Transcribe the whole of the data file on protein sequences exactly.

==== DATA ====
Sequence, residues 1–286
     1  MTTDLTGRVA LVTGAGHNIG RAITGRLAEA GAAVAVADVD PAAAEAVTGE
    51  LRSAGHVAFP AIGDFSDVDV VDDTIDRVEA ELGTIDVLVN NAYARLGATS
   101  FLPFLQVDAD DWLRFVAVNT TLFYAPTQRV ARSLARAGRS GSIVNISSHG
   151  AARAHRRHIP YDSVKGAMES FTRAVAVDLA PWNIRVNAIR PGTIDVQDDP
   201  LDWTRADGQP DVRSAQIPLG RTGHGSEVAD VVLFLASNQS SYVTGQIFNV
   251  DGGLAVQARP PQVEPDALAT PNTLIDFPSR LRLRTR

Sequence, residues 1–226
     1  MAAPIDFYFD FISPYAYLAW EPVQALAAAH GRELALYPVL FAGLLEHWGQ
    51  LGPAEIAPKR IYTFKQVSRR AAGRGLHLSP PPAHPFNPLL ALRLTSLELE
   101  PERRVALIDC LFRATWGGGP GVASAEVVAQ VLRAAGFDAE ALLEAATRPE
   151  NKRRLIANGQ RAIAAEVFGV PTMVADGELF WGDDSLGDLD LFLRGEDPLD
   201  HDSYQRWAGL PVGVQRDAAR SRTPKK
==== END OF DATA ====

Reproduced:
Sequence, residues 1–286
     1  MTTDLTGRVA LVTGAGHNIG RAITGRLAEA GAAVAVADVD PAAAEAVTGE
    51  LRSAGHVAFP AIGDFSDVDV VDDTIDRVEA ELGTIDVLVN NAYARLGATS
   101  FLPFLQVDAD DWLRFVAVNT TLFYAPTQRV ARSLARAGRS GSIVNISSHG
   151  AARAHRRHIP YDSVKGAMES FTRAVAVDLA PWNIRVNAIR PGTIDVQDDP
   201  LDWTRADGQP DVRSAQIPLG RTGHGSEVAD VVLFLASNQS SYVTGQIFNV
   251  DGGLAVQARP PQVEPDALAT PNTLIDFPSR LRLRTR

Sequence, residues 1–226
     1  MAAPIDFYFD FISPYAYLAW EPVQALAAAH GRELALYPVL FAGLLEHWGQ
    51  LGPAEIAPKR IYTFKQVSRR AAGRGLHLSP PPAHPFNPLL ALRLTSLELE
   101  PERRVALIDC LFRATWGGGP GVASAEVVAQ VLRAAGFDAE ALLEAATRPE
   151  NKRRLIANGQ RAIAAEVFGV PTMVADGELF WGDDSLGDLD LFLRGEDPLD
   201  HDSYQRWAGL PVGVQRDAAR SRTPKK